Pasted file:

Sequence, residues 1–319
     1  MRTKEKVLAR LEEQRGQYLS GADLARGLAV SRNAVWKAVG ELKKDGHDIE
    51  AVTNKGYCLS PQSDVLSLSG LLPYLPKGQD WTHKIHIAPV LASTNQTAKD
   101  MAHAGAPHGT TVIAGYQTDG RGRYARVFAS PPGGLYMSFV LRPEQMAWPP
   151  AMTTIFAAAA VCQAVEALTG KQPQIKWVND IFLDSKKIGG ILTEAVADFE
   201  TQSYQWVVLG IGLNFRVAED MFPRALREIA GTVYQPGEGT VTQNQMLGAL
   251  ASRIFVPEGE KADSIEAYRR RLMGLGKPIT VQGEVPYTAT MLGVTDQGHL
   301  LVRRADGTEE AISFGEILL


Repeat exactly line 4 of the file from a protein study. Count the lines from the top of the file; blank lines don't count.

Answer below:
   101  MAHAGAPHGT TVIAGYQTDG RGRYARVFAS PPGGLYMSFV LRPEQMAWPP